Facts about Gustav Mahler
Gustav Mahler Biography
A famous conductor during his lifetime, Gustav Mahler has since been deemed a significant composer whose work is a bridge between the Romanticism of the 19th century and the modern compositions of the 20th century. Gustav Mahler studied piano and composition in Vienna when he was a teenager, and by the time he was in his 20s he was making a name for himself as a conductor. He held positions in Prague, Leipzig and Budapest before becoming the chief conductor of the Hamburg Opera in 1891. He also conducted Vienna’s State Opera House (1897-1907) and the New York Philharmonic Society (1908-11), while composing songs, nine numbered symphonies and, his most famous work, Das Lied von der Erde (1908, not called a symphony by Mahler because of superstition — he admired Anton Bruckner and Ludwig Van Beethoven, both of whom died after writing nine symphonies). A generation after his death, compositions such as his Kindertotenlieder (1901-04) (“Songs on the Death of Children”) became orchestral standards, known for heavy emotion and expressions of mourning.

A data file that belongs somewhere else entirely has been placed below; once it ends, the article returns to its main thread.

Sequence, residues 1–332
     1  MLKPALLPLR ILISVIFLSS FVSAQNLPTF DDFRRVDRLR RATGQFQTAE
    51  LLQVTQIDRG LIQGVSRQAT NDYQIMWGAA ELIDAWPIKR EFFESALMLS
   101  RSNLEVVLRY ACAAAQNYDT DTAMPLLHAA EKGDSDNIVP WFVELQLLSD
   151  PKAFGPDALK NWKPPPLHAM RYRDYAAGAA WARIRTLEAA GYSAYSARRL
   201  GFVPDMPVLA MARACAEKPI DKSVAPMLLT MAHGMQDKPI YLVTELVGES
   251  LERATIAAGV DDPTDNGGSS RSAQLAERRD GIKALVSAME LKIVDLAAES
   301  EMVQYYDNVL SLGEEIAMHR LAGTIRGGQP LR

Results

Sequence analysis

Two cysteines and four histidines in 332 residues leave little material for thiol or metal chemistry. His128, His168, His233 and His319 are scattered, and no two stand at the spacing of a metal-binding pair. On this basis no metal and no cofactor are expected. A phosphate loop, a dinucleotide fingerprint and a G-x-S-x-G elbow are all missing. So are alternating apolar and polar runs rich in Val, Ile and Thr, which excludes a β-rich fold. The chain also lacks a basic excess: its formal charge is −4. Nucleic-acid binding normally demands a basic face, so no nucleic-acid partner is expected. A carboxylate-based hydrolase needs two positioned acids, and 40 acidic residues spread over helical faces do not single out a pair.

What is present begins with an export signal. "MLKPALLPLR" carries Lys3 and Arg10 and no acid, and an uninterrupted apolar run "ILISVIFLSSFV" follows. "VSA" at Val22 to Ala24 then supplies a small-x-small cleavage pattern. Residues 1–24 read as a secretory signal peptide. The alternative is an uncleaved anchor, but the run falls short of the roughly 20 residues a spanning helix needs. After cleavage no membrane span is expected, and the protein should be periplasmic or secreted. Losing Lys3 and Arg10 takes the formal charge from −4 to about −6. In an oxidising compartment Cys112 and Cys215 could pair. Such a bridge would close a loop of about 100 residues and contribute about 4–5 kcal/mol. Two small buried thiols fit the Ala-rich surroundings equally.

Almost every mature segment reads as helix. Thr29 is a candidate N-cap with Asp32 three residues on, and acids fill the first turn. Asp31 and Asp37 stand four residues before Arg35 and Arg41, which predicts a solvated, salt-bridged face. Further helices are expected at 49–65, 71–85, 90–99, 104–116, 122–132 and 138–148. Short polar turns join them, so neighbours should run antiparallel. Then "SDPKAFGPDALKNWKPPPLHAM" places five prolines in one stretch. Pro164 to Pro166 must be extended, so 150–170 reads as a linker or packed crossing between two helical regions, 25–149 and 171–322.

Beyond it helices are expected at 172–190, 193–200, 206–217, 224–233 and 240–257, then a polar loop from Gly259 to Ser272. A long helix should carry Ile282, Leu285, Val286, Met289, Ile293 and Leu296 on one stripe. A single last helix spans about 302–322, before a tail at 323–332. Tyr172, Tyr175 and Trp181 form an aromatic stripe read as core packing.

Gustav Mahler was born a Jew, but became a Roman Catholic as an adult.